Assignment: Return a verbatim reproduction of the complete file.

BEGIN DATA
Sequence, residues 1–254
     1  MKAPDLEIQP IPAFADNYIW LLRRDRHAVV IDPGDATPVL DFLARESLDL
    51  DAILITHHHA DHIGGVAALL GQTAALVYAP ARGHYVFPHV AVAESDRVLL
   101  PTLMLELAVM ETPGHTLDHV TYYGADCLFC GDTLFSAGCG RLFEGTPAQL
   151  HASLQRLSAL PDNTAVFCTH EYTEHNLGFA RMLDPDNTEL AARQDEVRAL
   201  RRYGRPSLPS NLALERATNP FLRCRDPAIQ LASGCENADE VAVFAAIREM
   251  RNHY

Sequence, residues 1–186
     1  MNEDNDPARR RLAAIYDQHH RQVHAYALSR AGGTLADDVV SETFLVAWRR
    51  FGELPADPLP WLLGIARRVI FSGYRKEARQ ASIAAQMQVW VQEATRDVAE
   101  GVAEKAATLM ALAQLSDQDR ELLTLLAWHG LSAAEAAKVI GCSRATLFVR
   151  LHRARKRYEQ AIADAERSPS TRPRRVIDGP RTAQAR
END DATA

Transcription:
Sequence, residues 1–254
     1  MKAPDLEIQP IPAFADNYIW LLRRDRHAVV IDPGDATPVL DFLARESLDL
    51  DAILITHHHA DHIGGVAALL GQTAALVYAP ARGHYVFPHV AVAESDRVLL
   101  PTLMLELAVM ETPGHTLDHV TYYGADCLFC GDTLFSAGCG RLFEGTPAQL
   151  HASLQRLSAL PDNTAVFCTH EYTEHNLGFA RMLDPDNTEL AARQDEVRAL
   201  RRYGRPSLPS NLALERATNP FLRCRDPAIQ LASGCENADE VAVFAAIREM
   251  RNHY

Sequence, residues 1–186
     1  MNEDNDPARR RLAAIYDQHH RQVHAYALSR AGGTLADDVV SETFLVAWRR
    51  FGELPADPLP WLLGIARRVI FSGYRKEARQ ASIAAQMQVW VQEATRDVAE
   101  GVAEKAATLM ALAQLSDQDR ELLTLLAWHG LSAAEAAKVI GCSRATLFVR
   151  LHRARKRYEQ AIADAERSPS TRPRRVIDGP RTAQAR